“What a wonderful time for women on television!” said Julianna Margulies during her Emmy acceptance speech for The Good Wife last week. The remark, while not untrue, was somewhat undermined by the evening’s lack of female nominees in gender-neutral categories, not to mention the tacky bit with Sofia Vergara rotating onstage like a sports car on a convention-center dais.
But this fall’s lineup is looking seriously promising, in particular three very different dramas run by women. The one I’m most excited about is Showtime’s The Affair, with playwright and In Treatment co-producer Sarah Treem as showrunner. She created it with Hagai Levi, also of In Treatment.
On its face, the show’s premise isn’t exactly radical: Ominous flashbacks to a torrid tryst between Dominic West and Ruth Wilson’s characters, during a summer in Montauk, vaguely imply that something went terribly wrong in the aftermath.
But as Treem told Writer magazine, the show carefully examines the events from both male and female perspectives:
“I think that’s radical in a love story because so often the woman is written as the object and the man as the subject. But in this show, they are both the subjects of their own story and the objects of each other’s. And the story changes depending on whose perspective we are in…. As a woman, I’m very cognizant that I experience the world differently from men. And because I’m a woman who has worked in a male-dominated field for so long, I’ve spent an inordinate amount of time training myself to ‘think like a man’ in order to survive. When telling this story, I actively thought about how men and women experience the same scene differently. Which was a lot of fun and very liberating for me personally.”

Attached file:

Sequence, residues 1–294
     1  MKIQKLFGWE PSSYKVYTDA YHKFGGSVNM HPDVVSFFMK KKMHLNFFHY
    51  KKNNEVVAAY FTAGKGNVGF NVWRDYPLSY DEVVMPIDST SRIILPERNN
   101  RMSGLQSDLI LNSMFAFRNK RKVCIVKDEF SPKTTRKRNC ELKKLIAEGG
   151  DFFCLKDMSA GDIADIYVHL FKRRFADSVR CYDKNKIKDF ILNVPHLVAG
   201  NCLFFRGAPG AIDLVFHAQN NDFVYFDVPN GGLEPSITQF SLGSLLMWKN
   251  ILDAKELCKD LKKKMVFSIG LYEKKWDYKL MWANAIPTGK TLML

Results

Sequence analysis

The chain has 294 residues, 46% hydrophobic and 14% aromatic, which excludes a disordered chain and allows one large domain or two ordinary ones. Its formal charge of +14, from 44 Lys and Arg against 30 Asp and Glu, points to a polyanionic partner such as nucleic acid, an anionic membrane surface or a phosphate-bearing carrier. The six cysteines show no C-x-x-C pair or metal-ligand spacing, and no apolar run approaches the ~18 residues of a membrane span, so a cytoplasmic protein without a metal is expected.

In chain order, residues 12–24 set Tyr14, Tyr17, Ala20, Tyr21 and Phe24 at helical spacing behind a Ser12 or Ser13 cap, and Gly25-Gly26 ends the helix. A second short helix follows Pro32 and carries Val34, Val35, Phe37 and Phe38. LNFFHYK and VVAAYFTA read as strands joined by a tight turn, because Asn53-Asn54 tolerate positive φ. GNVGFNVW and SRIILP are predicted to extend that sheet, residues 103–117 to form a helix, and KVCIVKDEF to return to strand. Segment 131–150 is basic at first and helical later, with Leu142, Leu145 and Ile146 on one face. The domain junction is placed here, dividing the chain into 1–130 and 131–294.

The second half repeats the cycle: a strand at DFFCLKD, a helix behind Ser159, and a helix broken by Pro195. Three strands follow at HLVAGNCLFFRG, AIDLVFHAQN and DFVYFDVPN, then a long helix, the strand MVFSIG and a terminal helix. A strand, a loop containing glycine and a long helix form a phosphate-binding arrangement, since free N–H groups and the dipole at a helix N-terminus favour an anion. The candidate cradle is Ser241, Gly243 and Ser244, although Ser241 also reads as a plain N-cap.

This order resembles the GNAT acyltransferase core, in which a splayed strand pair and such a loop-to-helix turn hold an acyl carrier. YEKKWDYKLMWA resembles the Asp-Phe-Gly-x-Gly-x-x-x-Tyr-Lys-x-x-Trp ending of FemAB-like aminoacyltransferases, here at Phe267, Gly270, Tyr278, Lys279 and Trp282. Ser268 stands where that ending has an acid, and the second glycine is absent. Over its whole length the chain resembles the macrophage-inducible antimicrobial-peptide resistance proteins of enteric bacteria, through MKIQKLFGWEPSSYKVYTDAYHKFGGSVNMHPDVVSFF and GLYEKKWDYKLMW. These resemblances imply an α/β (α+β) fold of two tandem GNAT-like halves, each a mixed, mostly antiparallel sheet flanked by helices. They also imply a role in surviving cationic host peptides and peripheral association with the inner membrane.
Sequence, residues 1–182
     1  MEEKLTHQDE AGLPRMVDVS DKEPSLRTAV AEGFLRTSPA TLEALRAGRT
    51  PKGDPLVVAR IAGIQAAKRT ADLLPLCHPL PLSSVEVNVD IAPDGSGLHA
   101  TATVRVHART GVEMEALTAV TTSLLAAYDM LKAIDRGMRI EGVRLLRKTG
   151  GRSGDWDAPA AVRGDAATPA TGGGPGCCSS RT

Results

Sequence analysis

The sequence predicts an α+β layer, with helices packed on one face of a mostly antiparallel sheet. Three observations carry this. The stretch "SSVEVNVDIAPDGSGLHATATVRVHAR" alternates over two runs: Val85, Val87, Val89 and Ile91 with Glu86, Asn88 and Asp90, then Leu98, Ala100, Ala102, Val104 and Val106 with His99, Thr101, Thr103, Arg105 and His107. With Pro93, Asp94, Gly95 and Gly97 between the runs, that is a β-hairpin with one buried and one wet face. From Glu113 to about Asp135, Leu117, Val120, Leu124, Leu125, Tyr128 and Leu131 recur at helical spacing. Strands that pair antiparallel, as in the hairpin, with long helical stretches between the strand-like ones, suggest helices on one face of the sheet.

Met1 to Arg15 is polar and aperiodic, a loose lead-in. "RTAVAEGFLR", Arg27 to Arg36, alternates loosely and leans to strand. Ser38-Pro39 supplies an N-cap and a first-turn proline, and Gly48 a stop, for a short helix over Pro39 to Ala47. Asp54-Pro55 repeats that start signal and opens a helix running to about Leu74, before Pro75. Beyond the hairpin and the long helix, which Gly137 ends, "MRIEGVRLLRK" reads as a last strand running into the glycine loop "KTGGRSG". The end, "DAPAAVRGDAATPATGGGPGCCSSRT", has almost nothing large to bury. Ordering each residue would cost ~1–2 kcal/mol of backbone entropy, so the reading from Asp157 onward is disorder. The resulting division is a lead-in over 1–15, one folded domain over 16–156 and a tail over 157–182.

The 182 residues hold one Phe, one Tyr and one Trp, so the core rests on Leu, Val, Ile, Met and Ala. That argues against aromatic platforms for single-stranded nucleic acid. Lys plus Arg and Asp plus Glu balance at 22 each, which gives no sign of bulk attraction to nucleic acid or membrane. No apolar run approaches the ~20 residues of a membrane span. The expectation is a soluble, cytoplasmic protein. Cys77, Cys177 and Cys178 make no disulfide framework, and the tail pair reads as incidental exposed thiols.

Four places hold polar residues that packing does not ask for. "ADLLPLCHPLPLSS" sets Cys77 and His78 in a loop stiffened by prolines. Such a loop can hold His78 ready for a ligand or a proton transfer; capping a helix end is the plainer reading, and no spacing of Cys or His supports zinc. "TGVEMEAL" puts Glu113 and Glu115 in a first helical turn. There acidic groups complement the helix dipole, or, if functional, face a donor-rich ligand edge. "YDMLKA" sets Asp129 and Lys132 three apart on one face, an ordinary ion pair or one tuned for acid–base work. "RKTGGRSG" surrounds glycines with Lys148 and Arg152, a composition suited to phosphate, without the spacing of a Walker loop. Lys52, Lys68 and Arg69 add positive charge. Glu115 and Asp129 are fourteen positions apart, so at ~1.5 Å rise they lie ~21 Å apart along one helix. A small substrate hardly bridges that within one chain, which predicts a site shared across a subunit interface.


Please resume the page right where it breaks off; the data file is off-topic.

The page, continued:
In addition to her work on In Treatment and more recently House of Cards, Treem had a play in NY earlier this summer: When We Were Young and Unafraid, a work about feminism and racism, with the main character being a woman who takes in abused women in the 1970s. I like the New Yorker’s take on the long-reaching effects of Treem’s subtle writing: